The provision prohibiting the use of proof-of-work (PoW) cryptocurrencies was removed from the future EU MiCA directive just a week ago. However, the sector is now facing a new threat. Regulators were targeting private cryptocurrency wallets this time.
The European Parliament’s Committee on Economic and Monetary Affairs will vote on the adoption of the regulatory proposal on anti-money laundering on Thursday, March 31. (AML). Its goal is to amend the current Regulation on Transfers of Funds (TFR) to include cryptocurrency transactions. The project’s sponsors are Ernest Urtasun of the Greens and Assita Kano of the Conservatives and Reformists.
As Unstoppable DeFi’s Patrick Hansen warned, the latest draught regulation would require cryptocurrency service providers not only to collect personal information related to transfers to and from private wallets (which they already must do), but also to “verify the accuracy of information regarding the initiator or beneficiary behind this type of wallet.”
What exactly is the issue?
The problem is that this verification can be difficult, if not impossible, in many cases. Hansen is concerned that cryptocurrency companies will be forced to stop handling private wallets in order to comply with regulations and maintain their position in the EU market.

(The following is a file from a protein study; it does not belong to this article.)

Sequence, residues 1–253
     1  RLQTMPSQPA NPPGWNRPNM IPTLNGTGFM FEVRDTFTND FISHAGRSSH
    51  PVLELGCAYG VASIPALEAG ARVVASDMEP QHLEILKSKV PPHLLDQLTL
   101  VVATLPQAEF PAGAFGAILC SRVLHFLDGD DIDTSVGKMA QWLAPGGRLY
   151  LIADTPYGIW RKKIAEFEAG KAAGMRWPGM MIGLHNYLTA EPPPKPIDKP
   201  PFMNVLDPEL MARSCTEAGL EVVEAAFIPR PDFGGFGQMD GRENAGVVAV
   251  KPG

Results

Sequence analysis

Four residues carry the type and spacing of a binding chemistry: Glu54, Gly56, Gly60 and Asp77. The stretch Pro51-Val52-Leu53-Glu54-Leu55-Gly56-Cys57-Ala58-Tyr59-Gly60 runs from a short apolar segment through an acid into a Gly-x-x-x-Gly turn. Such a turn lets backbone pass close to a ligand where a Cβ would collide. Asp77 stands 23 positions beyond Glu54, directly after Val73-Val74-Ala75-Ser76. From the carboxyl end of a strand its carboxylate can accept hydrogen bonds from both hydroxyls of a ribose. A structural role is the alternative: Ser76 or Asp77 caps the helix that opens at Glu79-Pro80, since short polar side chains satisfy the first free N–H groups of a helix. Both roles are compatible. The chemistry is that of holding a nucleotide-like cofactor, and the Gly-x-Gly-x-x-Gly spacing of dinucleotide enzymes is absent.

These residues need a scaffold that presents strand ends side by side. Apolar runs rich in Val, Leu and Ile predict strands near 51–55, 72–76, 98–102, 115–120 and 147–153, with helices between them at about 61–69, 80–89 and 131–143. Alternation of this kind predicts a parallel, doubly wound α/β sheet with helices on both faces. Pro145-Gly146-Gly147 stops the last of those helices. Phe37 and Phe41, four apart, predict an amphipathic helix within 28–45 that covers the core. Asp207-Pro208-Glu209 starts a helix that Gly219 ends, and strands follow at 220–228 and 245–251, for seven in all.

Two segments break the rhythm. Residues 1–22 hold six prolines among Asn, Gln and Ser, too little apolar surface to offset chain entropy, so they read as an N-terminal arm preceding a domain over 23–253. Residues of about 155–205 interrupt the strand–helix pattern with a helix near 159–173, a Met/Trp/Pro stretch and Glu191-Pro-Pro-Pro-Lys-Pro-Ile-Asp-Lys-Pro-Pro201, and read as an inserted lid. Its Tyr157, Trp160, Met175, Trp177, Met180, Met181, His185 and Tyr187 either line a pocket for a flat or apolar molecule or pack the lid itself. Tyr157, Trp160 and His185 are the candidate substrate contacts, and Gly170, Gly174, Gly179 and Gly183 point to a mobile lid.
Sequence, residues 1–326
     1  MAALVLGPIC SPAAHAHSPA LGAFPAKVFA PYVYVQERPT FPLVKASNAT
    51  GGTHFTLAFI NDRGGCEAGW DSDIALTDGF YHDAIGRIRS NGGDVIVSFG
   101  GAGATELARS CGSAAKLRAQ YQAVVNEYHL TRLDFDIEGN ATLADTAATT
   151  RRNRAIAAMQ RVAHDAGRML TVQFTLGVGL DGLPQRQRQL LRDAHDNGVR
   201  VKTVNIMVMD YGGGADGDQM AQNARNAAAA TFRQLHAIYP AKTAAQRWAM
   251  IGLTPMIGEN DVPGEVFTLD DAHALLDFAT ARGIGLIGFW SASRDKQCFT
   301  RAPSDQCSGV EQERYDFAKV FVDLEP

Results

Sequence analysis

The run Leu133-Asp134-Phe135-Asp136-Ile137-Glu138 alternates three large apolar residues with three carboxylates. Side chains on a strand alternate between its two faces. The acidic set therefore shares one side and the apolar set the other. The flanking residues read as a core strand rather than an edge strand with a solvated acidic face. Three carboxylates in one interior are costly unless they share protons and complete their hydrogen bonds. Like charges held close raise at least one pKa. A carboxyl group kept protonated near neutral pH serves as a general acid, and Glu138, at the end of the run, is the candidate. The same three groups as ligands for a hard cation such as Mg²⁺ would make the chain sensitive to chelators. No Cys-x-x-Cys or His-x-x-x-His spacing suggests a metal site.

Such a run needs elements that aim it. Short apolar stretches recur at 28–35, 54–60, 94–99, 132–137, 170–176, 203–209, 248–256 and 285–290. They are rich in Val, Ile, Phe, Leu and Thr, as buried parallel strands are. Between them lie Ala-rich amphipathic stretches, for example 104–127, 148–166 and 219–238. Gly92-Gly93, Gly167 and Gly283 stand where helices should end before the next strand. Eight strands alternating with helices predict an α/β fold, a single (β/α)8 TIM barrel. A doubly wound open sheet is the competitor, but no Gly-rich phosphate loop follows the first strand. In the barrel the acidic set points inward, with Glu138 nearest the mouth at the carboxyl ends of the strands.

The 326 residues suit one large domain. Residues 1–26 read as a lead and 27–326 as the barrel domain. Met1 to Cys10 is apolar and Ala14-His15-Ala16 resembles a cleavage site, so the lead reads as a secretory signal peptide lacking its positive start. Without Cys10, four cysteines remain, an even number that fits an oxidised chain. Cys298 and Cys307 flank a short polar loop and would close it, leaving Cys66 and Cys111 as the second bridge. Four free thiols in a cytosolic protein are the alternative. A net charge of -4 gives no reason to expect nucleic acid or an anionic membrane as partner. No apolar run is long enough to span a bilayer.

Even if legislators enacted some guidelines on verification procedures, the potential operational costs of compliance would likely deter smaller players, leading to further market centralization.
The draught also includes a requirement to notify “competent anti-money laundering authorities” of any transfer exceeding €1,000. Furthermore, the European Commission will be required to assess whether “additional measures are required to reduce the risk” within a year of the law’s implementation.
It is unclear what additional measures might be involved. However, as Hansen warned, this could mean anything from a partial ban on the use of private wallets to a complete ban on the use of private wallets.